Please use this identifier to cite or link to this item: http://hdl.handle.net/1893/26496
Full metadata record
DC FieldValueLanguage
dc.contributor.authorForbat, Lizen_UK
dc.contributor.authorSayer, Charlotteen_UK
dc.contributor.authorMcNamee, Philipen_UK
dc.contributor.authorMenson, Esseen_UK
dc.contributor.authorBarclay, Sarahen_UK
dc.date.accessioned2018-05-15T23:23:55Z-
dc.date.available2018-05-15T23:23:55Z-
dc.date.issued2016-01-01en_UK
dc.identifier.urihttp://hdl.handle.net/1893/26496-
dc.description.abstractBackground Conflict in healthcare is a well-recognised but under-examined phenomenon. Little is known about the prevalence and causes of conflict across paediatric specialties.  Objective To report the frequency and characteristics of conflict in a paediatric hospital.  Design and setting An explanatory sequential mixed-method approach was adopted. A bespoke questionnaire recorded frequency, severity, cause and staff involved in conflict prospectively. Data were recorded for the same two 12-week periods in 2013 and 2014, in one UK children's teaching hospital. Data were analysed using descriptive statistics and correlation, the findings of which informed the construction of a semistructured interview schedule. Qualitative interviews were conducted with six key informant healthcare professionals to aid data interpretation; interviews were analysed thematically.  Results 136 individual episodes of conflict were reported. The three most common causes were ‘communication breakdown’, ‘disagreements about treatment’ and ‘unrealistic expectations’. Over 448 h of healthcare professional time was taken up by these conflicts; most often staff nurses, consultants, doctors in training and matrons. The mean severity rating was 4.9 out of 10. Qualitative interviews revealed consensus regarding whether conflicts were ranked as low, medium or high severity, and explanations regarding why neurology recorded the highest number of conflicts in the observed period.  Conclusions Conflict is prevalent across paediatric specialties, and particularly in neurology, general paediatrics and neonatology. Considerable staff time is taken in managing conflict, indicating a need to focus resources on supporting staff to resolve conflict, notably managing communication breakdown.en_UK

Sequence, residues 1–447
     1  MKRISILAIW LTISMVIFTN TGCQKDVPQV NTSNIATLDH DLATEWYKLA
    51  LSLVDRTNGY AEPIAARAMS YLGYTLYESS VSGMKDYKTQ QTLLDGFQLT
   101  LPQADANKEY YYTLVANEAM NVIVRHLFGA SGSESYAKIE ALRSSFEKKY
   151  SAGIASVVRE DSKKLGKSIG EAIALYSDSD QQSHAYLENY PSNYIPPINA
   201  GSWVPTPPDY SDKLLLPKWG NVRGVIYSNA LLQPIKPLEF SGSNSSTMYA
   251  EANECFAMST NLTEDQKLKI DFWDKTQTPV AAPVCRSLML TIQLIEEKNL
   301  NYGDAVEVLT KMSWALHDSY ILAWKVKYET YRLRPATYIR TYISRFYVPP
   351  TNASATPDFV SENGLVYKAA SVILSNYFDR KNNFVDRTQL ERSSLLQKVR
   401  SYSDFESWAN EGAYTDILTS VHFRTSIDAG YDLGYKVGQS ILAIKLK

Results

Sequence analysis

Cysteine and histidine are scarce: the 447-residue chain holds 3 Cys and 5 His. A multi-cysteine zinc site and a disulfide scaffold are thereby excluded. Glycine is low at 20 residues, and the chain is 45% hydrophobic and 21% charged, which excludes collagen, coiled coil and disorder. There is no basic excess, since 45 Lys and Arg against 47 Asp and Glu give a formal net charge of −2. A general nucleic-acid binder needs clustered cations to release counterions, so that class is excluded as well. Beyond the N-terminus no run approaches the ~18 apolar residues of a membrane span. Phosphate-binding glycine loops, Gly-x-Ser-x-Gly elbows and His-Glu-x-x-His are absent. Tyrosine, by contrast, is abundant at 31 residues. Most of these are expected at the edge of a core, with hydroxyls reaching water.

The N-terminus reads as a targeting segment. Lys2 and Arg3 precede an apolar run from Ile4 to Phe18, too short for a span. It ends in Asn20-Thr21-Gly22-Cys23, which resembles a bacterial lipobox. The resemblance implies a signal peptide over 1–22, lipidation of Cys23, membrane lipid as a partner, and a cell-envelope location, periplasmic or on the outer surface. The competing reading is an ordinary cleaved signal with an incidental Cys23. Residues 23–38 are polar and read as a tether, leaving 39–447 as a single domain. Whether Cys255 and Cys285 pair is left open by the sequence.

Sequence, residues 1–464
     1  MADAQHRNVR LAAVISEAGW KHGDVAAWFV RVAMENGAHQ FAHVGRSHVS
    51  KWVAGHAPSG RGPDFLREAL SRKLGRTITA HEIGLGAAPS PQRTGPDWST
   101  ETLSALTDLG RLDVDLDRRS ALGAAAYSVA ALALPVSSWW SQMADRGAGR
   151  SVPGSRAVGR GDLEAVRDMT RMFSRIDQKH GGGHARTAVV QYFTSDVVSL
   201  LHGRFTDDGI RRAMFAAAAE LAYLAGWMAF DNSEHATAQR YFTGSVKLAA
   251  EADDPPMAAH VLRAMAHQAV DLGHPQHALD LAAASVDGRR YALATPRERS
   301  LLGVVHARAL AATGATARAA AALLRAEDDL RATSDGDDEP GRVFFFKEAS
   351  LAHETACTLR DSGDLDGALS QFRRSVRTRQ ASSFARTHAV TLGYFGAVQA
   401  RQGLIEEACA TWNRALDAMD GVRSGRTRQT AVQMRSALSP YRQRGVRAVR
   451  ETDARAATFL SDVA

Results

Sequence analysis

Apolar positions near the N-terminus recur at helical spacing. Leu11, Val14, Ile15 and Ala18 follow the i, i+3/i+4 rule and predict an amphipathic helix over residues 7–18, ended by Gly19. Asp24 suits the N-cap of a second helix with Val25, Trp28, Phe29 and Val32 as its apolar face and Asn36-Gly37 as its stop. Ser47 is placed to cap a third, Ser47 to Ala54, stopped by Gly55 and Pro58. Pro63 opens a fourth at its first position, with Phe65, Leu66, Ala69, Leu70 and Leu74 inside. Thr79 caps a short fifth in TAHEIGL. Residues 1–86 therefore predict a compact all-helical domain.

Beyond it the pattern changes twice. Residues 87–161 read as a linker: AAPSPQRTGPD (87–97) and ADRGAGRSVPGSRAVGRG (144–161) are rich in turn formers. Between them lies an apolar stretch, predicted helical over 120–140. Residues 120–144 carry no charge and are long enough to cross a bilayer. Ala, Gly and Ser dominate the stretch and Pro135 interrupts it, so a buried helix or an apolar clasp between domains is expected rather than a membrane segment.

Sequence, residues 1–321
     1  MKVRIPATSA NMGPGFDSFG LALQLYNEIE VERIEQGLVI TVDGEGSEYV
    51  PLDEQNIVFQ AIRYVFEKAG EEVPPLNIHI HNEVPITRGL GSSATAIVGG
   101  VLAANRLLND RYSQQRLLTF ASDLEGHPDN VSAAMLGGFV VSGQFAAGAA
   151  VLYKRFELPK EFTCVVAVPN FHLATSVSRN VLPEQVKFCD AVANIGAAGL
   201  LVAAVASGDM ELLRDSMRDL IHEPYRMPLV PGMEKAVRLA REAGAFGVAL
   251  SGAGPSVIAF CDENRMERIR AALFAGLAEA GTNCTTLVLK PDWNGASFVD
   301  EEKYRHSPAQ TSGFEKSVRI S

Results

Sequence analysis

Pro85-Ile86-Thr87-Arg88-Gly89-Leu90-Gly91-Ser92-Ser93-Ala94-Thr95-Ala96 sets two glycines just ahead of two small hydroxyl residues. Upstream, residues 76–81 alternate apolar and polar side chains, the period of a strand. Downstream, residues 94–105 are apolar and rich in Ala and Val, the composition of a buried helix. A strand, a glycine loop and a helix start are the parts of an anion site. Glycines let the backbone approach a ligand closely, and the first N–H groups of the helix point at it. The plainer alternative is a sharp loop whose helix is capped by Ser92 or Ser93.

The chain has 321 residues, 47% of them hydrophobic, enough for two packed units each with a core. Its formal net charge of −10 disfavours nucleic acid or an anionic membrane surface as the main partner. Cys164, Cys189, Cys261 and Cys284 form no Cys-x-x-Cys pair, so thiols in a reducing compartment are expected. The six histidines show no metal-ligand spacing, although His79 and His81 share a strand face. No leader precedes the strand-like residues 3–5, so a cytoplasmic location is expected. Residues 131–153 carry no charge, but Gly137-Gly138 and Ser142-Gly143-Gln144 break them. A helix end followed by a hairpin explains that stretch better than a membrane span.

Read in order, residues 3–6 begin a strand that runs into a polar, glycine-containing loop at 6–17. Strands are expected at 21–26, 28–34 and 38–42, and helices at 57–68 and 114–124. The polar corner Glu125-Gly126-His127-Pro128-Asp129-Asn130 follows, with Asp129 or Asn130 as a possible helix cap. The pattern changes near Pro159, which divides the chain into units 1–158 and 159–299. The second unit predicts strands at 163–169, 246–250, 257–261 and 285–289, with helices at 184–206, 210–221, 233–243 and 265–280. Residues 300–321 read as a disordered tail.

dc.language.isoenen_UK
dc.publisherBMJ Publishing Group Ltden_UK
dc.relationForbat L, Sayer C, McNamee P, Menson E & Barclay S (2016) Conflict in a paediatric hospital: a prospective mixed-method study. Archives of Disease in Childhood, 101 (1), pp. 23-27. https://doi.org/10.1136/archdischild-2015-308814en_UK
dc.rightsThis is an Open Access article distributed in accordance with the Creative Commons Attribution Non Commercial (CC BY-NC 4.0) license, which permits others to distribute, remix, adapt, build upon this work non-commercially, and license their derivative works on different terms, provided the original work is properly cited and the use is non-commercial. See: http://creativecommons.org/licenses/by-nc/4.0/en_UK
dc.rights.urihttp://creativecommons.org/licenses/by-nc/4.0/en_UK
dc.titleConflict in a paediatric hospital: a prospective mixed-method studyen_UK
dc.typeJournal Articleen_UK
dc.identifier.doi10.1136/archdischild-2015-308814en_UK
dc.identifier.pmid26553912en_UK
dc.citation.jtitleArchives of Disease in Childhooden_UK
dc.citation.issn1468-2044en_UK
dc.citation.issn0003-9888en_UK
dc.citation.volume101en_UK
dc.citation.issue1en_UK
dc.citation.spage23en_UK
dc.citation.epage27en_UK
dc.citation.publicationstatusPublisheden_UK
dc.citation.peerreviewedRefereeden_UK
dc.type.statusVoR - Version of Recorden_UK
dc.citation.date09/11/2015en_UK
dc.contributor.affiliationFaculty of Social Sciencesen_UK
dc.contributor.affiliationEvelina Children's Hospital, Londonen_UK
dc.contributor.affiliationHealth Sciences Research - Stirling - LEGACYen_UK
dc.contributor.affiliationEvelina Children's Hospital, Londonen_UK
dc.contributor.affiliationMedical Mediation Foundationen_UK
dc.identifier.isiWOS:000367464100008en_UK
dc.identifier.scopusid2-s2.0-84952038067en_UK
dc.identifier.wtid897451en_UK
dc.contributor.orcid0000-0002-7218-5775en_UK
dc.date.accepted2015-08-09en_UK
dc.date.filedepositdate2018-01-11en_UK
Appears in Collections:Faculty of Health Sciences and Sport Journal Articles

Files in This Item:
File Description SizeFormat 
23.full.pdfFulltext - Published Version472.75 kBAdobe PDFView/Open


This item is protected by original copyright



A file in this item is licensed under a Creative Commons License Creative Commons

Items in the Repository are protected by copyright, with all rights reserved, unless otherwise indicated.

If you believe that any material held in STORRE infringes copyright, please contact library@stir.ac.uk providing details and we will remove the Work from public display in STORRE and investigate your claim.